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File 2010 Taxes For Free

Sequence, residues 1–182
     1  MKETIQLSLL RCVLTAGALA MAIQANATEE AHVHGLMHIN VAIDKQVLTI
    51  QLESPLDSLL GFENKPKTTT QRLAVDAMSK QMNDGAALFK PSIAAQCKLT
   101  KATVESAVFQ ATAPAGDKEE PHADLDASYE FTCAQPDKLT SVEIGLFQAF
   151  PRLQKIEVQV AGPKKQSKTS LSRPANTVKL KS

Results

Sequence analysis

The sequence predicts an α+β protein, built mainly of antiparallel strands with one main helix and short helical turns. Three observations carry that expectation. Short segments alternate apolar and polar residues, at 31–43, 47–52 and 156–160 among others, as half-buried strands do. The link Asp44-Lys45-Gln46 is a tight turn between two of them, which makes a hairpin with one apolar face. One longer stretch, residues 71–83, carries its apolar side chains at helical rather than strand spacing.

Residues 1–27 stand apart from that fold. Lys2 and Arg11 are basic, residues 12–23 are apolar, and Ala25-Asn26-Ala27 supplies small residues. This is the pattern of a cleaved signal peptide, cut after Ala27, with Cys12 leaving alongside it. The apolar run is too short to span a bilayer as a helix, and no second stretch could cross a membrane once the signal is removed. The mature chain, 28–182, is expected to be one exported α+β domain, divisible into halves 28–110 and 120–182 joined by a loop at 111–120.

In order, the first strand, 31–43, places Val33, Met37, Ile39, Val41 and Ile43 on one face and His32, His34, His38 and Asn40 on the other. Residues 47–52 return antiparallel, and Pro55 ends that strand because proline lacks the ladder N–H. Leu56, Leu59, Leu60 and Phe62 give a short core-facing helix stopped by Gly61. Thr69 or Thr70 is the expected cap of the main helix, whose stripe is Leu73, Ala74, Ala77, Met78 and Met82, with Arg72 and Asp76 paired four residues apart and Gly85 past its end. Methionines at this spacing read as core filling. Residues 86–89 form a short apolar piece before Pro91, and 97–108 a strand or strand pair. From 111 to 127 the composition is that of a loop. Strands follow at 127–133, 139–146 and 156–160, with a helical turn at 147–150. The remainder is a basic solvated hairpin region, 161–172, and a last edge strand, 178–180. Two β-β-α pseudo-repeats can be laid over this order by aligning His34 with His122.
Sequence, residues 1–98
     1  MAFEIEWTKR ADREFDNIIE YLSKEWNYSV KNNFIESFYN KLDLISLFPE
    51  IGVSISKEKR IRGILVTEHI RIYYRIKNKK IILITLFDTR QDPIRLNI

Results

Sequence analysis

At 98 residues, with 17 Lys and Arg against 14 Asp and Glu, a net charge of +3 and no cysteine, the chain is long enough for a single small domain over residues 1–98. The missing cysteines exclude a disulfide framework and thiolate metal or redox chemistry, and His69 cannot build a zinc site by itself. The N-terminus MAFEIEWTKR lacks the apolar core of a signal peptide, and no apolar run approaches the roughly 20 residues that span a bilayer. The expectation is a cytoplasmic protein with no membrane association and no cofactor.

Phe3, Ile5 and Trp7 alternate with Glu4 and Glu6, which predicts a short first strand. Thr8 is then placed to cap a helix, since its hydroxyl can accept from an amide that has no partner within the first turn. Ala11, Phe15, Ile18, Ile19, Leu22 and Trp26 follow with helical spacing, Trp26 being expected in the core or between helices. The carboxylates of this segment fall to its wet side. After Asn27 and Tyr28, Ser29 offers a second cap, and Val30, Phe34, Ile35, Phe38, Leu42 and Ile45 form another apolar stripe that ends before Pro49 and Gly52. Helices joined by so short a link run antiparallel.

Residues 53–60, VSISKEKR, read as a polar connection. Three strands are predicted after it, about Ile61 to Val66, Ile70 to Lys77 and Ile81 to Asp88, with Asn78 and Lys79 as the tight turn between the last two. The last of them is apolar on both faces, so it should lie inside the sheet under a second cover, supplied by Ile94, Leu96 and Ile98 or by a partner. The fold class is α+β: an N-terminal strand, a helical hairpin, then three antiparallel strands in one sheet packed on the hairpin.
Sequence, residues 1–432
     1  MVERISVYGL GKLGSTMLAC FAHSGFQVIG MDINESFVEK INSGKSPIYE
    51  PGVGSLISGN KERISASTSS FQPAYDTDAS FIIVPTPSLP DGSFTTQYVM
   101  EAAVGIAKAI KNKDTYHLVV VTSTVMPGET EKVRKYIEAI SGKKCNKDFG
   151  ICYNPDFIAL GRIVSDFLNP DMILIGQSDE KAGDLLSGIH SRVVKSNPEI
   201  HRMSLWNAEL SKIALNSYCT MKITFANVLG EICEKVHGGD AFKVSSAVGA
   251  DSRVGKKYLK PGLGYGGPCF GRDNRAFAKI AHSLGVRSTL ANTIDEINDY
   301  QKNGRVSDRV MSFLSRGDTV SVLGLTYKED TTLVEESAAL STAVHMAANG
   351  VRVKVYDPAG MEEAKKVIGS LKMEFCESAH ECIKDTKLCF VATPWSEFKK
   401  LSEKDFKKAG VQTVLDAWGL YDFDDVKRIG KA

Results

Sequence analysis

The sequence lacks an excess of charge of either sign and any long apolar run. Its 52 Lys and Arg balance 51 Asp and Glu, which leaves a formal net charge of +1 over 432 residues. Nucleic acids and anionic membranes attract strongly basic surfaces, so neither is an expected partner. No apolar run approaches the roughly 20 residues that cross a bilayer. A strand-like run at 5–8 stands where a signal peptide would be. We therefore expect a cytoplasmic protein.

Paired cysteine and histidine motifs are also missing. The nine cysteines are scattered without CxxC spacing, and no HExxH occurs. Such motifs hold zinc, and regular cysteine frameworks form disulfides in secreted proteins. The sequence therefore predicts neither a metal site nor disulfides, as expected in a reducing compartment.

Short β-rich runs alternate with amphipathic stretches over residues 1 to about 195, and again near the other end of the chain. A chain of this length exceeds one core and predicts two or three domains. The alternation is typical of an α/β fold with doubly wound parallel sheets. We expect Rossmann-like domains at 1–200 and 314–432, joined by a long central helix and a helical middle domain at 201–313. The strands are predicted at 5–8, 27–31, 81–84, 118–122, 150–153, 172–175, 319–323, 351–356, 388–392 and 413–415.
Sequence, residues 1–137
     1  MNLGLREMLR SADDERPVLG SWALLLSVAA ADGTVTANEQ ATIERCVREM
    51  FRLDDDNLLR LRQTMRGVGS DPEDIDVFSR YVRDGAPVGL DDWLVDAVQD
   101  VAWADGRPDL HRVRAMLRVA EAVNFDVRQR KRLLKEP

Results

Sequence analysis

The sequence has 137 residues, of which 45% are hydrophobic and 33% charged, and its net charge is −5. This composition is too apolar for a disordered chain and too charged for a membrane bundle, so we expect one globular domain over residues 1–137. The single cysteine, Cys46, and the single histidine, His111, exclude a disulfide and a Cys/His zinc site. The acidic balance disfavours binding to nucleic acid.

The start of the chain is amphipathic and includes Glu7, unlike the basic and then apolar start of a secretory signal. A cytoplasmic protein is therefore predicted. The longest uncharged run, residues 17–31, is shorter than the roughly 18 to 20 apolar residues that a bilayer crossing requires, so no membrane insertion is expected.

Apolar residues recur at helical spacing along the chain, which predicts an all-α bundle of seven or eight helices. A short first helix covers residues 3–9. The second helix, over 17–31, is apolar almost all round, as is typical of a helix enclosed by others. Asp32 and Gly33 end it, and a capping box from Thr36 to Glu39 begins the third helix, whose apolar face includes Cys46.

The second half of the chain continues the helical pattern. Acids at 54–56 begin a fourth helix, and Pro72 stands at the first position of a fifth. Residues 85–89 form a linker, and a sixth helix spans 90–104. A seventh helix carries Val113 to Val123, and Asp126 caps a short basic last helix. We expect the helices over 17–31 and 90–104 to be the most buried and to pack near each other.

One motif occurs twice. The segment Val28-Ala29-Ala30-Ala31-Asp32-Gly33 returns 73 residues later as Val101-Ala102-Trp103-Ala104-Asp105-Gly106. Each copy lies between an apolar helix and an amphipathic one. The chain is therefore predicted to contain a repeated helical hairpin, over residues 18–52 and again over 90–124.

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File 2010 Taxes For Free